study, different types of transcription showed different sensitivity to TATA-containing DNA oligonucleotides (24
), suggesting various roles played by the DNA-binding surface of TBP. Nevertheless, the functions of this surface area of TBP cannot be assessed accurately by using TATA-containing DNA, since RNA polymerase is known to associate with the ends of these DNA oligos non-specifically, thereby causing inhibition of transcription (24
Previously, we isolated and characterized a set of RNA aptamers that bind TBP tightly (25
). These aptamers are well-characterized specific molecular probes: they all appear to bind to the concave side of TBP based on their ability to compete with TATA DNA for binding to TBP, yet their modes of interaction with TBP are distinct (25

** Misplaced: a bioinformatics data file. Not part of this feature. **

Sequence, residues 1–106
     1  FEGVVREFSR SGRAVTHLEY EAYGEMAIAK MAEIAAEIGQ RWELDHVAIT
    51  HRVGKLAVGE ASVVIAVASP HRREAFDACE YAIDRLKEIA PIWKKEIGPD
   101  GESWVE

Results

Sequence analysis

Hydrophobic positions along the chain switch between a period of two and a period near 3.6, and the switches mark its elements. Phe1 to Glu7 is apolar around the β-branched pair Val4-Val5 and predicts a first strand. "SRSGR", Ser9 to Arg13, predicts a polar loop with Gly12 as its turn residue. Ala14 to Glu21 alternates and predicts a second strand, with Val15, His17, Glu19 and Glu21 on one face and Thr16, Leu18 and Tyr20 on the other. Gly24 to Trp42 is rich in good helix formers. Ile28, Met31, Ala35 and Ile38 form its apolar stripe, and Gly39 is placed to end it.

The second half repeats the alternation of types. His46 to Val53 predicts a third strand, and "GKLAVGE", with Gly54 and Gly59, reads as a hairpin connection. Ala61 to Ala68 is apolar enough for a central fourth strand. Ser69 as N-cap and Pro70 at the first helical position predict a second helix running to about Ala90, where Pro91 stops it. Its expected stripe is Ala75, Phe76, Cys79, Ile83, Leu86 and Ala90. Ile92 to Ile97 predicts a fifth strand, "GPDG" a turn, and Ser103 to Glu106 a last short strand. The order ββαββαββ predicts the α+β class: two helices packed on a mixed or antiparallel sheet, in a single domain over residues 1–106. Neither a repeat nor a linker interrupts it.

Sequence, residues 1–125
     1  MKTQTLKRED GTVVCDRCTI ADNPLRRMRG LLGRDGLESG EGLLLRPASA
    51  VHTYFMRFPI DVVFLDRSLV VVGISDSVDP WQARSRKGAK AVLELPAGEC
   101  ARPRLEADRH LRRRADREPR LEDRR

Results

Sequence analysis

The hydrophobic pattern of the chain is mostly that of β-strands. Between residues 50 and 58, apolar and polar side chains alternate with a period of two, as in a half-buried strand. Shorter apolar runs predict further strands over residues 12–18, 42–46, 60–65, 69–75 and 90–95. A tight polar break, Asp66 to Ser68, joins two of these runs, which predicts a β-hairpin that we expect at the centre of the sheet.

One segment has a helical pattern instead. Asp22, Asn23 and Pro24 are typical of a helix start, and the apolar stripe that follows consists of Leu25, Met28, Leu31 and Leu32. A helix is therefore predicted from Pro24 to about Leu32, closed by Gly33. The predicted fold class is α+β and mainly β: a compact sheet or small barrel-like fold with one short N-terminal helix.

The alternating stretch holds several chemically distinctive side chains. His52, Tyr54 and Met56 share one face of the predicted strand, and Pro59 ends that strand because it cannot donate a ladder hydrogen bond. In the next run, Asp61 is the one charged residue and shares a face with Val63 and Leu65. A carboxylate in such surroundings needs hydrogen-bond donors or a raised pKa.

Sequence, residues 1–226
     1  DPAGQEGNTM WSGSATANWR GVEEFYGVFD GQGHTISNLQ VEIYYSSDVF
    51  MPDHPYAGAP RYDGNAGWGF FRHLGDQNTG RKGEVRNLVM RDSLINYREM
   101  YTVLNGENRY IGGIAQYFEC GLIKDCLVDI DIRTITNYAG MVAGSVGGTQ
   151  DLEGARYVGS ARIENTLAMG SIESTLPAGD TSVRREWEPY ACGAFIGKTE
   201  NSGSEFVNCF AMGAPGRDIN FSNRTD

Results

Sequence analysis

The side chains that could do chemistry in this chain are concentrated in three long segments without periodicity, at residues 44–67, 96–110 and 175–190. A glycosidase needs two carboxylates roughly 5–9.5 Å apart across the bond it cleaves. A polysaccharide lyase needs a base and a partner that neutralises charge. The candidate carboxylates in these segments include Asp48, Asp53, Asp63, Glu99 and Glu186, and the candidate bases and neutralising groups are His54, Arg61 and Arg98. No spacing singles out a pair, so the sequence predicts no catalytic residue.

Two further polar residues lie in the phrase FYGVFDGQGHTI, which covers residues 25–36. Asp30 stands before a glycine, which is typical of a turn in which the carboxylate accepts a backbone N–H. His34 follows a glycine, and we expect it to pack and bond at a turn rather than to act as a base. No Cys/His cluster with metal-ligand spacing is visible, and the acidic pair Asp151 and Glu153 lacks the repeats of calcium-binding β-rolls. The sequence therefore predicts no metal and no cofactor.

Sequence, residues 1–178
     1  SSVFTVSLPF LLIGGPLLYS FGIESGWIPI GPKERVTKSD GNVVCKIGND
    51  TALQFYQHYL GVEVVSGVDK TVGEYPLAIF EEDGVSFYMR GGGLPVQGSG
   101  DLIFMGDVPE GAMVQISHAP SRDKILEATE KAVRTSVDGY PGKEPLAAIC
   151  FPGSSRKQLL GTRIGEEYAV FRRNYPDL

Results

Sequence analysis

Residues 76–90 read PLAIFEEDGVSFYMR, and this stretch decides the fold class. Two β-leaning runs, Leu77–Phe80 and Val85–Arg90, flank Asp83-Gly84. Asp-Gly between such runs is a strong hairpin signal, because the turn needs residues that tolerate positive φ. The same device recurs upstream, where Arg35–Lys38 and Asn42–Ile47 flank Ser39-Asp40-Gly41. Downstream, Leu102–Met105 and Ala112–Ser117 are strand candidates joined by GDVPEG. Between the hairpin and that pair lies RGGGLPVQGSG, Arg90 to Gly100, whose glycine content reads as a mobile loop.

). Here, we describe the utility of these aptamers as novel reagents to probe transcription by the three eukaryotic RNA polymerases. The different RNA polymerases responded distinctively to these TBP aptamers. Pol I dependent transcription was completely resistant to all of the TBP aptamers tested. In contrast, Pol II dependent transcription was the most sensitive to TBP aptamers. In crude cell extracts, the aptamers inhibited Pol II dependent transcription even after PICs were formed. Although TBP aptamers inhibited Pol III dependent transcription when they were present during PIC formation, they failed to inhibit transcription after PIC formation. These results revealed that the DNA-binding surface of TBP is involved to different extents in the transcription by different RNA polymerases at both initiation and reinitiation stages. It also revealed a fundamental difference between the stability of the reinitiation intermediate in the Pol II system and its counterpart in the Pol III system. The results not only provide insights into the different involvement of TBP in transcription initiation by these RNA polymerases, but they also demonstrate the application of these aptamers for studies of complicated reaction mechanisms as in our analysis of TBP in Pol III transcription. Where aptamers are available, this approach can be generalized to define the role of a particular area on a protein molecule at particular stages of a biological process.